Magazine

Russia refuses to have a gloomy New Year

Red Square at New Year Image copyright Getty Images

The rouble's slump and warnings of a looming economic crisis have come at a bad time for Russians preparing for New Year festivities. But while some may miss foreign luxuries on the list of banned imports - Russia's response to Western sanctions - many remember how to make do, and refuse to be downhearted.

On 31 December, Nina will be doing something she has never done before on New Year's Eve.

She'll be staying at home.

"For the very first time I'll be seeing in the New Year in my own country," says Muscovite Nina, a brand manager for a Western drinks company. "All my life my family has flown to France or Germany for the New Year holidays. We have relatives there. But air tickets are so expensive now."

Nina is not alone. The weak rouble has forced many Russians to change their New Year holiday plans.

"In October, tour operator bookings slumped by 50-to-70%," says Irina Tyurina of the Russian Tour Operators Union.

"When the rouble collapsed on 15 December, bookings dried up completely. Foreign tours are not a necessity. They are the first things to be rejected when there are economic problems."

For Russians, 2015 looks like being a difficult year. Real incomes are expected to fall for the first time since Vladimir Putin came to power. People are bracing themselves for a deep recession - the economy is expected to contract by at least 4%. Inflation is forecast to reach 12-15%.

None of this economic doom and gloom will stop Russians breaking open the champagne and celebrating - Novy god (New Year) is the biggest holiday of the year. But it may affect what they buy for the party.

Image copyright Thinkstock
Image caption Many Russians grow or gather berries at their dacha (country cottage) and store them in jars

"Budgets are stretched," says Maria Kolbina, a consumer analyst with VTB Capital. "At the start of the year 33% of the household budget was spent on food. We estimate that has now risen to 41%. As a result people are 'trading down': they are buying cheaper versions of the food they normally eat."

That's not good news for confectionery trader Vika. She has a stall in the centre of Moscow selling festive chocolate collections. Her table is packed with sparkly tins and boxes, including packs of vodka liqueurs. But business hasn't been good.

"People aren't buying as much as they did this time last year," Vika tells me. "And when they do buy, they seem to go for the cheaper options."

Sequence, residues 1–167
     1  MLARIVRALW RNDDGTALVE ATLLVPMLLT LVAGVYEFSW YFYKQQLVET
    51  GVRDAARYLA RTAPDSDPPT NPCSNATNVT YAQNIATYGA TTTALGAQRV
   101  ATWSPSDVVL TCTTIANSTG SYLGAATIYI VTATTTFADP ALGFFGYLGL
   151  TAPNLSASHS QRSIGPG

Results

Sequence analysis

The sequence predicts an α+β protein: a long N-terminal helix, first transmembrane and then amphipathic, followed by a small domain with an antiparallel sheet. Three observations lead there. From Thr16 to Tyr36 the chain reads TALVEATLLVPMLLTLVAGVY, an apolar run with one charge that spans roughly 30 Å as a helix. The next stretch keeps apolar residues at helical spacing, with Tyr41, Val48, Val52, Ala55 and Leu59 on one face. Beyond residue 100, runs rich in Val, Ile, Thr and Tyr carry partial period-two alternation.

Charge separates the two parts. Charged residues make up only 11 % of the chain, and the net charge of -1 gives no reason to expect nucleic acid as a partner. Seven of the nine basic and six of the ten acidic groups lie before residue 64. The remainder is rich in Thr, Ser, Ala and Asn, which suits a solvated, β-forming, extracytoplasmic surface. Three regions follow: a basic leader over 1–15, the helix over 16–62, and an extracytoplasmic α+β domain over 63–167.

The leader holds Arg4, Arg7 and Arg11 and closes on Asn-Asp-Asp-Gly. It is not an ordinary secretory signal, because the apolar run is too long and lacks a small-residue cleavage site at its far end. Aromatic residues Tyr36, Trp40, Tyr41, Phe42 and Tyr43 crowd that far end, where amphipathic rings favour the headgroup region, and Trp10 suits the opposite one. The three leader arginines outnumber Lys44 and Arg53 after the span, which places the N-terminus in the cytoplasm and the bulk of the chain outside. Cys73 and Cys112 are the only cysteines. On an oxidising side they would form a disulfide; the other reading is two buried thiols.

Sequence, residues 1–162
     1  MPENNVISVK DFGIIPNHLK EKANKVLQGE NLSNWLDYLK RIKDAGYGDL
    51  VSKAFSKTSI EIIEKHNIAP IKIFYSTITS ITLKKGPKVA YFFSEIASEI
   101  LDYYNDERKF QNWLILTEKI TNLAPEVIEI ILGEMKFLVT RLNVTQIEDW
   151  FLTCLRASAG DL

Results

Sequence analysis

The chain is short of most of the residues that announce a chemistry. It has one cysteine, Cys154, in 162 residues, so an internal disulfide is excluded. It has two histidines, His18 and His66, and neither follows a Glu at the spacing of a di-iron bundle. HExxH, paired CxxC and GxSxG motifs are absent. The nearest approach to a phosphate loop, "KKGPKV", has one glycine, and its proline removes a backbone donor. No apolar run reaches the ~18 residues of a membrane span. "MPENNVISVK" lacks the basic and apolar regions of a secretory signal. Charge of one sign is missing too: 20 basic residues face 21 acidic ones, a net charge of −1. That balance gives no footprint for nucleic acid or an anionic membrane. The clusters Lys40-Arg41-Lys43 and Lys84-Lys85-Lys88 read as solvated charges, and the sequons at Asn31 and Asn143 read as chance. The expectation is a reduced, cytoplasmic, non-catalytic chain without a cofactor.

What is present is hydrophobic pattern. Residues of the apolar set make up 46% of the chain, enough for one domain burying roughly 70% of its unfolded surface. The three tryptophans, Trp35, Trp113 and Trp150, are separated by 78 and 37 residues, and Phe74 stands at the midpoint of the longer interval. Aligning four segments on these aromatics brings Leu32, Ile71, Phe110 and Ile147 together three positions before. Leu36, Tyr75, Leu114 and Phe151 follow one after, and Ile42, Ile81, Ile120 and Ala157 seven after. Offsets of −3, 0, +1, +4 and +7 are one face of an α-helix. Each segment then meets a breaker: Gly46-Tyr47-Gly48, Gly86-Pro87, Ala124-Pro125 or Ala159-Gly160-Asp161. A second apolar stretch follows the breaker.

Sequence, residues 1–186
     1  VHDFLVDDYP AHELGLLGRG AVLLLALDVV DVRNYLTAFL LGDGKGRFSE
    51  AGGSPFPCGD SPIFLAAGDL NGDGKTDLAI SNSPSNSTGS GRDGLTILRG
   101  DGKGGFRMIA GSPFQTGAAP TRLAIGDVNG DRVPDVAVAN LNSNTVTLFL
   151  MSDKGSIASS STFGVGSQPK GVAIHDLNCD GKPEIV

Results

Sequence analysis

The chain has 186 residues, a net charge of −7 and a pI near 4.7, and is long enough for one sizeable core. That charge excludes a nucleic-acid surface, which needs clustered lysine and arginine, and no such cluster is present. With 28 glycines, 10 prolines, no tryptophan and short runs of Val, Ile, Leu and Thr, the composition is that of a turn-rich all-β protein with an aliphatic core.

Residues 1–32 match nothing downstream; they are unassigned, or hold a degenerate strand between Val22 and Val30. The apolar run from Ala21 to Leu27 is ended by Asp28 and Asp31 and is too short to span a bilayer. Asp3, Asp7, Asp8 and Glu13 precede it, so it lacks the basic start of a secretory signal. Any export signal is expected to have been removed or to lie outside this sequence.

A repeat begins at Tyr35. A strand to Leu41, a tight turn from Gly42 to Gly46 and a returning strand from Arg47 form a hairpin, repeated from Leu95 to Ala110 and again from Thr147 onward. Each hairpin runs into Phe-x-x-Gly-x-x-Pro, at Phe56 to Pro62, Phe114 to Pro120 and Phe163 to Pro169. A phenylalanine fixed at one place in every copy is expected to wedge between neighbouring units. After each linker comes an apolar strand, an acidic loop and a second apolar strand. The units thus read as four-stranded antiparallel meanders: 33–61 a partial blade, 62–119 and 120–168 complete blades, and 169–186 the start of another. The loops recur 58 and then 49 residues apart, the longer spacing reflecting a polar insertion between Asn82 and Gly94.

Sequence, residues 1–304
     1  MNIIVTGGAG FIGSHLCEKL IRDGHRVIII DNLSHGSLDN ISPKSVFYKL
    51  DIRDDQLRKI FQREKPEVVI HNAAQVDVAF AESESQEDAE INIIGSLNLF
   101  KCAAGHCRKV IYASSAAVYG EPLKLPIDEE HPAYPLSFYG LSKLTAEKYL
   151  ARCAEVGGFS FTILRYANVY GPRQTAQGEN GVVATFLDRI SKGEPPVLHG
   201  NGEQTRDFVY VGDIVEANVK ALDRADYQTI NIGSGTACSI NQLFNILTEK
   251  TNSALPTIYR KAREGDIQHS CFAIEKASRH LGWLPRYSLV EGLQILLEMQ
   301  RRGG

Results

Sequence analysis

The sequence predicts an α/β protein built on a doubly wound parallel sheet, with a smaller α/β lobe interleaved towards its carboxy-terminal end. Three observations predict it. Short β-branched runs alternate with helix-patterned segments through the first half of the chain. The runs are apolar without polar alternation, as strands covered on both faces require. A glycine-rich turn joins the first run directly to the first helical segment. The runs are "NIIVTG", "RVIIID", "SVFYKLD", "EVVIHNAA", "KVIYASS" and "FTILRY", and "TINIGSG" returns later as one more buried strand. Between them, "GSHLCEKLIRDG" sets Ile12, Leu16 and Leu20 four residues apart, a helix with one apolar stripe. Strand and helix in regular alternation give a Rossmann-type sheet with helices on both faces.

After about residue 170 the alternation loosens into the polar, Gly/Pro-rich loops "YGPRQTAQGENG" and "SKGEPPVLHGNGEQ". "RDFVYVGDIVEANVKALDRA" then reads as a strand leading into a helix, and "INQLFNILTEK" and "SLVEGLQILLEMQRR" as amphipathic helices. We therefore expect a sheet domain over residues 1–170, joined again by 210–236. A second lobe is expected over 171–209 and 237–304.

It's not just inflation that is influencing the festive shop in Russia. So are the "anti-sanctions" Moscow imposed on the West earlier this year. As a result, certain imported products which may have graced some new year tables here in the past are no longer available: like French cheese, Norwegian salmon, German sausage.

But not all Russians seem worried about that.

Elena Vladimirovna is determined to enjoy her New Year party. Elena is an atomic specialist in Moscow. When she talks about Novy god, her eyes light up: with her enthusiasm and optimism, she seems to me to have the energy of a nuclear power station.

Image copyright Getty Images
Image caption The outlook was far brighter 10 years ago

"None of these problems are going to affect my family," Elena tells me with a big smile. "For a start, we won't need to spend lots of money on alcohol: we make our own at home.

"Then there's all the food we already have from our dacha. On the balcony of our flat we have a trunk packed with 80 jars - there are strawberries, blackberries, blueberries, cucumbers, tomatoes, marrows and pumpkins."

These may be tough times. But Elena reminds me that they are nothing compared to what Russia has lived through.

"My 88-year-old uncle was in a concentration camp in Nazi Germany. My mother and my aunt were in Belarus during World War Two. After what they experienced, nothing frightens them.

Image copyright Thinkstock
Image caption Soused herring in a "fur coat" of onion, carrot, potato and beetroot with mayonnaise

"What's more, at home we've stocked up with everything we might need, from buckwheat to macaroni. That'll last us till the summer. To be honest, bread and water would do me fine."

Russians are resourceful. Even in Soviet times, when there were regular shortages of certain food products, people usually managed to find everything they needed for their New Year parties.

And Russia is not the USSR. Despite its current economic problems, shops here have plenty on the shelves.

So, as Russians sit down to celebrate, tables will be bursting with traditional Olivier Salad (potato, chicken or sausage, eggs, carrots, cucumbers, mayonnaise) and Herring in a Fur Coat (herring with a layer of vegetables... and more mayonnaise).

As midnight approaches, Russians will drink a toast to the passing year, and then to 2015 - in the hope that the new year will bring them happiness.

Image copyright Thinkstock

Subscribe to the BBC News Magazine's email newsletter to get articles sent to your inbox.